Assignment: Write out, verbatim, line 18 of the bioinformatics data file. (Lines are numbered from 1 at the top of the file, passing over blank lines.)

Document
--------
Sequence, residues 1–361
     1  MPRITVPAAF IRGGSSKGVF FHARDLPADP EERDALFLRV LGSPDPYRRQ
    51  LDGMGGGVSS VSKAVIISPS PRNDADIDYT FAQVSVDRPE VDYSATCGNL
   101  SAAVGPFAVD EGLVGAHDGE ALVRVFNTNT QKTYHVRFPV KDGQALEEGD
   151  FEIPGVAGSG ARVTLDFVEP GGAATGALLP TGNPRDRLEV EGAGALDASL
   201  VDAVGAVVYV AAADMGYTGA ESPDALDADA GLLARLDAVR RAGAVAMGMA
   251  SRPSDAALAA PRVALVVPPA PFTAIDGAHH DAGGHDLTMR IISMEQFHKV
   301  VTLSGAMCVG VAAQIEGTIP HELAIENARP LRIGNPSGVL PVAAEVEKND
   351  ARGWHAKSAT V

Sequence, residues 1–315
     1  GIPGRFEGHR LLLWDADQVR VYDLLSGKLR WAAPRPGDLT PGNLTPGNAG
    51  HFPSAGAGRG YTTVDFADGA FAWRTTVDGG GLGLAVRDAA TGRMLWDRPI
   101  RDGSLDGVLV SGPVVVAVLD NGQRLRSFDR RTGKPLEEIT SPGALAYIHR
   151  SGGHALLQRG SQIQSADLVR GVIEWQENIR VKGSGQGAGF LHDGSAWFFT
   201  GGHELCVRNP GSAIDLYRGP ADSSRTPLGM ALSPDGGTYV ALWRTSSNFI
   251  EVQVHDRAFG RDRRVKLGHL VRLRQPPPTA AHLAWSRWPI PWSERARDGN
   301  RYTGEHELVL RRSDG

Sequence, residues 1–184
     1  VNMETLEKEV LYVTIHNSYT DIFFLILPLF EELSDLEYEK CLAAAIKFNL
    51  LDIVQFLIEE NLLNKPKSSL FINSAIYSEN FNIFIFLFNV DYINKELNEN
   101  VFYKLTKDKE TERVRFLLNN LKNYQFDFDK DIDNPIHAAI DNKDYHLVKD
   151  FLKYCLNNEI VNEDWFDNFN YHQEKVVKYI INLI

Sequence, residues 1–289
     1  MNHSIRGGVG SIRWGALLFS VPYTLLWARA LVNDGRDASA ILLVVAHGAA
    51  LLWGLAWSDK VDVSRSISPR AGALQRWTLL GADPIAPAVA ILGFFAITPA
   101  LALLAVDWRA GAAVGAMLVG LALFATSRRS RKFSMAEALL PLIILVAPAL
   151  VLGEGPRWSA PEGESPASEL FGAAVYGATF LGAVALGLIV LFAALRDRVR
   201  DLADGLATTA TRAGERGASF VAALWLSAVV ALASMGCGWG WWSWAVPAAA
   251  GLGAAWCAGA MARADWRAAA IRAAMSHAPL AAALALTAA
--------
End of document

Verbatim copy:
Sequence, residues 1–184